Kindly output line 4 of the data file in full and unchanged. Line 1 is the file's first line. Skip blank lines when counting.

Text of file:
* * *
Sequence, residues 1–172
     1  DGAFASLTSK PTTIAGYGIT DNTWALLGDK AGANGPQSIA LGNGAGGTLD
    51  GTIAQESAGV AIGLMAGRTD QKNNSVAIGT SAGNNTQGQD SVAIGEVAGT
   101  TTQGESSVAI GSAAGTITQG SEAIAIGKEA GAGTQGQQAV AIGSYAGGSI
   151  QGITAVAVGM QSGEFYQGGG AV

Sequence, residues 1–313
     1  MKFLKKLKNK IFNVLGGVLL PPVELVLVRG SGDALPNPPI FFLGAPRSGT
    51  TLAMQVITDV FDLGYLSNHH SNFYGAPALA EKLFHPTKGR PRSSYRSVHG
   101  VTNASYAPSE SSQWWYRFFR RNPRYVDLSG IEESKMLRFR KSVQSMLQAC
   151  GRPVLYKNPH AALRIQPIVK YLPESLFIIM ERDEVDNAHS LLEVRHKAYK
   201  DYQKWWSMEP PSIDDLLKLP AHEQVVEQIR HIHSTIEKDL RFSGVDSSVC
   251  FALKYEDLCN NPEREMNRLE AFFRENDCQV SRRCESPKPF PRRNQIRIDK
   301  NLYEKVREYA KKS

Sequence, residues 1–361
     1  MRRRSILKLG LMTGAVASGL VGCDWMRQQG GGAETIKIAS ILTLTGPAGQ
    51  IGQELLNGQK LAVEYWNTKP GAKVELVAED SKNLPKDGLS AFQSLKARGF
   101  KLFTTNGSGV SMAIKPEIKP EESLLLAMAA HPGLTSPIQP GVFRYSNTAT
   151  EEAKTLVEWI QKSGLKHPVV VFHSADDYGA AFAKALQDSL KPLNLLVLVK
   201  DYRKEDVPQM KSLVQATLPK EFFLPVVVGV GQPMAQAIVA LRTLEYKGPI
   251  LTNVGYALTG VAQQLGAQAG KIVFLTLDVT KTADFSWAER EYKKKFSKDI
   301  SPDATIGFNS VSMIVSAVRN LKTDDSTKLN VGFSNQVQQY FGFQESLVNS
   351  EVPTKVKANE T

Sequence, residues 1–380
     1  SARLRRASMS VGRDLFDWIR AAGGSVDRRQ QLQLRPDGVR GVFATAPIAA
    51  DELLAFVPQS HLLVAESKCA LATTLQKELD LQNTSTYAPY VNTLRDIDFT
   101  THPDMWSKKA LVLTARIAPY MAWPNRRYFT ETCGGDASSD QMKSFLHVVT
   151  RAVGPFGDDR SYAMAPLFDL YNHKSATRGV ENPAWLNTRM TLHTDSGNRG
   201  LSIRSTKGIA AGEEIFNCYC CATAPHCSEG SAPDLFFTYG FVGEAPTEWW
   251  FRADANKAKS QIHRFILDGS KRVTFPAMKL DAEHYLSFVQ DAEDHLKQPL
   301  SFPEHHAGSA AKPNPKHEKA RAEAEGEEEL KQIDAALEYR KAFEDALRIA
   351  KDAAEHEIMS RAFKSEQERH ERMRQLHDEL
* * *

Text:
   101  TTQGESSVAI GSAAGTITQG SEAIAIGKEA GAGTQGQQAV AIGSYAGGSI